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Photo: Win McNamee/Getty Images

Sean Spicer had a rough trot as White House press secretary but one fact was undeniable: the guy — as Trump often noted admiringly — got terrific ratings.

Away from the podium, it appears Spicer can still bring in an audience. On Thursday night, he sat with SE Cupp for the full hour on her show on the relatively obscure network HLN. I wouldn't even know where to find HLN with my remote, but Axios' media editor Sara Fischer emails to tell me the Spicer show far outperformed Cupp's usual ratings:

  • "The show gets roughly 70.000 viewers on average in its daily 5:00 p.m. time slot, but Thursday night's show pulled in 109,000 viewers for the network — a big improvement, but still far behind its cable news rivals in that hour.
  • "In addition, the network re-aired the show Thursday at the 8pmhour for those who missed the first run of the Spicer interview. The repeat show pulled in 142,000 total viewers — 38,000 within the coveted 25-54 advertising demo — bringing the day's total to 251,000 total viewers of the show, 70,000 of which were in the demo."

I asked Spicer about the ratings bump, and whether he harbored any TV aspirations. He declined to comment.

Flashback: San Francisco Chronicle: "Sean Spicer Hands Kimmel a Rare Ratings Win Over Fallon."

Get more stories like this by signing up for our weekly political lookahead newsletter, Axios Sneak Peek. 

Go deeper

55 mins ago - Health

CDC panel: COVID vaccines should go to health workers, long-term care residents first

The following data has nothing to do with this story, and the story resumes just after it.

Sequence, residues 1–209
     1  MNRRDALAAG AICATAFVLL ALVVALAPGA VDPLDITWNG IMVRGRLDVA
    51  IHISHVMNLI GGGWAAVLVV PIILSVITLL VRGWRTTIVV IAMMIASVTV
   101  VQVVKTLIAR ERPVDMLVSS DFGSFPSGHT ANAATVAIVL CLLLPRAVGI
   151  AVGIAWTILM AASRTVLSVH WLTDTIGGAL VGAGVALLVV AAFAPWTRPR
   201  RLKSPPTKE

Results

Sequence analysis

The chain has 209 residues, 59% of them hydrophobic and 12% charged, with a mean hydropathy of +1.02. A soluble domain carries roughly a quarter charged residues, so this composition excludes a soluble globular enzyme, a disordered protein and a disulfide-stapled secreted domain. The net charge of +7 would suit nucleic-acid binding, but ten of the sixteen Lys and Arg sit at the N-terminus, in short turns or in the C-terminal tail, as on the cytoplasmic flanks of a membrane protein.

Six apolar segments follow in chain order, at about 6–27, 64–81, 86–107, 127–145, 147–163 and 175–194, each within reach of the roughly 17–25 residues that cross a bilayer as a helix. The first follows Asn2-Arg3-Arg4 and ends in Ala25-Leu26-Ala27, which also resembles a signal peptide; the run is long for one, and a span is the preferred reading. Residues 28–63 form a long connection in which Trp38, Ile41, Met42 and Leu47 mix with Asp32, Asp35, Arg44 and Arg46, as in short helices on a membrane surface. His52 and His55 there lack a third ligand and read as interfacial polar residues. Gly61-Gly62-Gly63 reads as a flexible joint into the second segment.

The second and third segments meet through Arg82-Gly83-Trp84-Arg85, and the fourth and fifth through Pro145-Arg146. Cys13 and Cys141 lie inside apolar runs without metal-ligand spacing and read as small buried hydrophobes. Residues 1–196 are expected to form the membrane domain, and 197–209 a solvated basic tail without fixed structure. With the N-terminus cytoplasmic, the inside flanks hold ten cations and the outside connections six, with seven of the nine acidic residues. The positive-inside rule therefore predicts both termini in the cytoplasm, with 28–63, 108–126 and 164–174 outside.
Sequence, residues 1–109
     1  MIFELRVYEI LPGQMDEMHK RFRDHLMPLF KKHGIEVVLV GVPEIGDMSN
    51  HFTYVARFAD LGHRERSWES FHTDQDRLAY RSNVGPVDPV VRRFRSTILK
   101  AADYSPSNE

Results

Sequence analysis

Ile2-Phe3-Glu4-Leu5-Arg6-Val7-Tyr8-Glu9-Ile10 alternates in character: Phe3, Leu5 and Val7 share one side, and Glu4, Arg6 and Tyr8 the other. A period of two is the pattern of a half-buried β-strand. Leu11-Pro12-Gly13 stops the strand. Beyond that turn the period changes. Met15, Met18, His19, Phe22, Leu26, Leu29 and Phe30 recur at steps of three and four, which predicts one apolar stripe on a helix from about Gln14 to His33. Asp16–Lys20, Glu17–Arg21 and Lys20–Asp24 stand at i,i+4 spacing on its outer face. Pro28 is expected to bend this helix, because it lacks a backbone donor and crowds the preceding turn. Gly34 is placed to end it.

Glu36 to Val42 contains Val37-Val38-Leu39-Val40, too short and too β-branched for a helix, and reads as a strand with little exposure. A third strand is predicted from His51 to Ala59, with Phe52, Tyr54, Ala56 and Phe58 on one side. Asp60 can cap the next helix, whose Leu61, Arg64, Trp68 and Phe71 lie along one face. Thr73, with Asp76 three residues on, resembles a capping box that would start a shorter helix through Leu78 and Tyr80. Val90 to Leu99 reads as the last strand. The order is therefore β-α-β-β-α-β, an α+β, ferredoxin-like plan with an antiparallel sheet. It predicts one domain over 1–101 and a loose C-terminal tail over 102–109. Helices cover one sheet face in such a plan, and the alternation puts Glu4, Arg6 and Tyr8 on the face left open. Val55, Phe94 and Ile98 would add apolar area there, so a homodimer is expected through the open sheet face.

Hospital staff work in the COVID-19 intensive care unit in Houston. Photo: Go Nakamura via Getty

Health-care workers and nursing home residents should be at the front of the line to get coronavirus vaccines in the United States once they’re cleared and available for public use, an independent CDC panel recommended in a 13-1 emergency vote on Tuesday, per CNBC.

Why it matters: Recent developments in COVID-19 vaccines have accelerated the timeline for distribution as vaccines developed by Pfizer and Moderna undergo the federal approval process. States are preparing to begin distributing as soon as two weeks from now.

Obama: Broad slogans like "defund the police" lose people

Snapchat.

Former President Barack Obama told Peter Hamby on the Snapchat original political show "Good Luck America" that "snappy" slogans such as "defund the police" can alienate people, making the statements less effective than intended.

What he's saying: "You lost a big audience the minute you say it, which makes it a lot less likely that you're actually going to get the changes you want done," Obama told Hamby in an interview that will air Wednesday morning at 6 a.m. EST on Snapchat.

Nasdaq's ultimatum

Photo: Kelly Sullivan/Getty Images

New diversity and inclusion rules are on the table for some of America's most powerful corporations, courtesy of one of its most powerful stock exchanges.

What's new: Nasdaq is threatening to delist companies that won't move toward having at least one woman and at least one underrepresented minority or LGBTQ person on their corporate boards.